“He said he did it for years before we — the family — even knew,” Jeannette said. “My brother was so afraid of needles. That tells you how strong [the drugs] are. He would cry and scream when he was a kid getting his shots. And that’s why I remember my mom being in such disbelief when she found the first needle.”
Her brother would get sober sometimes. He was sober for over a year once. But addiction is about physiological dependence and not knowing how to cope with trauma and stress, she said. And when life became difficult, Karl’s substance abuse would flare up.
“His skin would crawl. He’d wake up every morning craving it,” Jeannette said. “Even when they don’t want it, they still crave it. … I love him to death. But let me tell you, he was a different person when he’s high. When they’re withdrawing it’s even worse.”
Though there were still positive memories from after her brother’s substance abuse started, they’re accompanied by memories of physical violence, lying, stealing and heartbreak.
For years Karl went in and out of rehab and jail, until eventually his career in the family business hit a breaking point before one of his visits to a sober home when he was about 35 years old.
“My dad and his brothers had a meeting and they said, ‘Look, we’re sorry, but we’re not going to let Karl come back,’” Jeannette said. “What do you mean? He’s Karl, my dad’s Karl, my grandpa was Karl, my great great grandpa was Karl. But he had overdosed in the bathroom at work. … So, my dad said, ‘I get it.’
“He just knew everyone was done with him. [Addicts] get embarrassed. He knew. It’s shameful and embarrassing. They get so disappointed in themselves, but then they feel like there’s no hope. So why not just keep using drugs to get over that pain?”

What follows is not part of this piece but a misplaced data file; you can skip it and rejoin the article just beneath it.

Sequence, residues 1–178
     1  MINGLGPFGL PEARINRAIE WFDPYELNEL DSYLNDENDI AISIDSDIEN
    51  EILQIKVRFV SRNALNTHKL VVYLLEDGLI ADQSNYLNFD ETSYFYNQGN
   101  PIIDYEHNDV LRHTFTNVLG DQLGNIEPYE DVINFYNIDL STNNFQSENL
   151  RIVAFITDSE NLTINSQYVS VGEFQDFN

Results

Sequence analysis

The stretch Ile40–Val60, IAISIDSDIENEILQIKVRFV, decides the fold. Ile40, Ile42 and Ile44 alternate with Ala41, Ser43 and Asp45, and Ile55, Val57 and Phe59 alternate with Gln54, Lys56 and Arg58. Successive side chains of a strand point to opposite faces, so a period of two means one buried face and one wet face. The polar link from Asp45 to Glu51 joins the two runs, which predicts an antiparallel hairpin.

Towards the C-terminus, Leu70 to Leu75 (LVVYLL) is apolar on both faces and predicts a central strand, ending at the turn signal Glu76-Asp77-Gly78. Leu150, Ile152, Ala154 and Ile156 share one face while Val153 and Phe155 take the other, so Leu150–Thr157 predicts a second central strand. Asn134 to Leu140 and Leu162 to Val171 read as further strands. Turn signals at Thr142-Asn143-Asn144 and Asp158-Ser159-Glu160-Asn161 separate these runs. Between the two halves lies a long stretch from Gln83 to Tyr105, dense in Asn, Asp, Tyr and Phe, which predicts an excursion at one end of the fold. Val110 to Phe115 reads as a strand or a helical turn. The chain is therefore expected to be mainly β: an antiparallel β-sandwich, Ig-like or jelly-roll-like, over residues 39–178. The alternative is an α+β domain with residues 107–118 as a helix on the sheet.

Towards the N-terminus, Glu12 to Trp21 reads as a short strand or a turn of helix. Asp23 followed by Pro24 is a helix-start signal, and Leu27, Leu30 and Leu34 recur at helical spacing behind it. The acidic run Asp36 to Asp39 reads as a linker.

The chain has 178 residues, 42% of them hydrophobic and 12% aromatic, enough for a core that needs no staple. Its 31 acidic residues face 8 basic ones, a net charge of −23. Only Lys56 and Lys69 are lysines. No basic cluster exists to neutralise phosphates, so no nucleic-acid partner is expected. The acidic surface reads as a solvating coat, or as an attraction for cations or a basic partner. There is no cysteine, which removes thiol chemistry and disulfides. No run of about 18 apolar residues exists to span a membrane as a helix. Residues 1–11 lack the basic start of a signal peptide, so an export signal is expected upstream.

For years, Jeannette and Karl’s family encouraged them to not speak about his substance abuse and addiction. In a small town where everyone knew everyone, it was a sore subject for their parents. Jeannette said eventually, during an argument, her brother told their father that everybody already knew. There was no point in hiding it.
But once the not-so-secret was out and Karl’s life became more and more affected by his substance abuse, Jeannette committed herself to helping. Now with her brother’s permission to speak of his problem, she wanted to be an advocate for him.
“I did fitness modeling and was getting to where I could have been pretty big in that. But I stopped doing any of that and started focusing on my brother and trying to save him,” Jeannette said. “I think that’s why I took [his death] the hardest because I tried to save that guy for — still mad at him — for five years straight, talking to judges, counselors, probation officers, sober homes. What can we do to get you sober?”
Jeannette became his de facto point of contact for everything. She encouraged him to stay sober as much as she could and always told him he could overcome his addiction. When she felt like no one was paying attention to the kind of struggle her brother was facing, she started biking across the country, stopping along the way to speak at rehabilitation facilities and with strangers on the street, ending the ride in Missouri.
Karl could not stop gushing to his peers and counselors at rehab about how inspirational his sister was. He passed out 50 bracelets Jeannette made with the message “Stay Strong” and then asked for another 50 because everyone wanted one, she said.
“[His counselor] said, ‘Do you know he walked up and down every hallway showing every person your picture saying how amazing you are and how much he loves you? He told everyone what you do about this bike ride 450 miles across the country for people like him,’” Jeannette recalled. “And I just almost started going to cry.”
By the time Jeannette had completed two Bike450s in 2018 and 2019, her brother was still struggling on and off.